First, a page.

• Ethics training is tailored to specific specialties. “Our goal has been to introduce a rigorous framework around which we could measure success in the teaching of ethics. This continues to be a work in progress,” says Alexander Langerman, MD, SM, FACS, director of the second-year medical student clinical ethics course at Vanderbilt University Medical Center in Nashville. The ethics curriculum is based on these core ethics competencies, specific to various clerkships:
- Medicine: advance planning and end-of-life discussions;
- Surgery: informed consent;
- Pediatrics: the patient/family/provider triad;
- Obstetrics and gynecology: women’s autonomy, unborn child’s interests, and partner’s rights;
- Neurology/psychiatry: decision-making capacity.2
During their clerkships, students encounter a surprisingly wide range of ethical topics. Some were not initially included in the key competencies. “Many involved the challenges of real medical care, where you encounter ethical dilemmas with no ‘right’ answer,” says Langerman, core faculty at Vanderbilt’s Center for Biomedical Ethics and Society, where he directs the surgical ethics program. For example, patients’ social support or cognitive abilities can pose challenges to the use of potentially life-saving therapy. Faculty continually tweak the competencies to better prepare students for difficult cases. “We are doing so methodically. We’re also continuing to update our methods for assessment of understanding,” Langerman says.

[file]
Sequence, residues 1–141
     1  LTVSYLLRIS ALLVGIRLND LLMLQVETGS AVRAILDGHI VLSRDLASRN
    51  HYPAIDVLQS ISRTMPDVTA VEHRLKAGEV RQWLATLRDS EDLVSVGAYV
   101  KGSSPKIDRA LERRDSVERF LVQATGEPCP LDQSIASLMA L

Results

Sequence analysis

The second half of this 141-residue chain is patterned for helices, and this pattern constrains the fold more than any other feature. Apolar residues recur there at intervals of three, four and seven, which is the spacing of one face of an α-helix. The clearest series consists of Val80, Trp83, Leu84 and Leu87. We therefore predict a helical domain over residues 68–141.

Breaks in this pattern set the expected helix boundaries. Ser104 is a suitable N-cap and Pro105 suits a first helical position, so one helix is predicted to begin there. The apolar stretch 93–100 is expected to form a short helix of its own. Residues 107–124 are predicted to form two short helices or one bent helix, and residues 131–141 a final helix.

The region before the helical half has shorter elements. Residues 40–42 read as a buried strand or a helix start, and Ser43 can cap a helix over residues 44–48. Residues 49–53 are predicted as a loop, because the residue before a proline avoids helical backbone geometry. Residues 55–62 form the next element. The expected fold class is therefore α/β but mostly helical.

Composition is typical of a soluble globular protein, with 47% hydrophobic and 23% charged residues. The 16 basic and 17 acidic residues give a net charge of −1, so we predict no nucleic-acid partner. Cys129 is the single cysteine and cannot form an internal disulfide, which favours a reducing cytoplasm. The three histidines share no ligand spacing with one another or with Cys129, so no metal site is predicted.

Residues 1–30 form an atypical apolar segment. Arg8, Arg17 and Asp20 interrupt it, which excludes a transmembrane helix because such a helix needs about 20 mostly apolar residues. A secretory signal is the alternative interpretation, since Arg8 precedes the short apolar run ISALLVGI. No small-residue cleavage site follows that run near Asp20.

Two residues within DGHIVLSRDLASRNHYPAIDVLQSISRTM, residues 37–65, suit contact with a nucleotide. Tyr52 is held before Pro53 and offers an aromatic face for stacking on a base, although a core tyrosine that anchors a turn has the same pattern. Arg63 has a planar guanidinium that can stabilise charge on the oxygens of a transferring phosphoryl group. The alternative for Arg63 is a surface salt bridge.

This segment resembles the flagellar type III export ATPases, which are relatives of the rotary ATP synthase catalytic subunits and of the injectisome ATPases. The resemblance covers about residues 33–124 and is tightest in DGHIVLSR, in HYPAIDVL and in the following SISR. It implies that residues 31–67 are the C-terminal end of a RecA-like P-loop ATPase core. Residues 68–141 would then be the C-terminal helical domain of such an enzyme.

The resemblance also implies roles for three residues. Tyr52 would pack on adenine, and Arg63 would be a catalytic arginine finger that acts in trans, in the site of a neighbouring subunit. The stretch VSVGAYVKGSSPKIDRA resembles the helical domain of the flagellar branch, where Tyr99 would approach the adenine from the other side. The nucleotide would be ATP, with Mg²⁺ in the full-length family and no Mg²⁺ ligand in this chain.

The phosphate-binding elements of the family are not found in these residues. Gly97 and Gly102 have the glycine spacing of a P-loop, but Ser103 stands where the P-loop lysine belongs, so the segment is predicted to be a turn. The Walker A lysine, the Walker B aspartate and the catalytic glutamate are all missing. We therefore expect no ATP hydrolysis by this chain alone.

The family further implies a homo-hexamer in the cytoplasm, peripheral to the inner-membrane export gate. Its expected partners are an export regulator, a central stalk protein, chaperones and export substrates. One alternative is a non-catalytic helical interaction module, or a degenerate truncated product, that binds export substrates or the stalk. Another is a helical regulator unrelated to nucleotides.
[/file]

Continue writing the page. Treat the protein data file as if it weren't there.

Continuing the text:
Ethics educators are well-aware many demands compete for students’ time. “Ethics doesn’t lend itself well to multiple choice. Yet we can’t also expect a five-page dissertation,” Langerman notes.
Faculty tried asking students for short narratives on relevant ethical topics, but grading such submissions objectively was difficult. Currently, faculty are fine-tuning a new method: Asking students to apply analytic frameworks to cases. “This will most closely approximate how physicians use ethics to help make clinical decisions,” Langerman says.
- Stites SD, Rodriguez S, Dudley C, Fiester A. Medical students’ exposure to ethics conflicts in clinical training: Implications for timing UME bioethics education. HEC Forum 2020;32:85-97.
- Langerman A, Cutrer WB, Yakes EA, Meador KG. Embedding ethics education in clinical clerkships by identifying clinical ethics competencies: The Vanderbilt experience. HEC Forum 2020;32:163-174.
Experts argue ethics education should be a lifelong process, not a one-time course in medical school.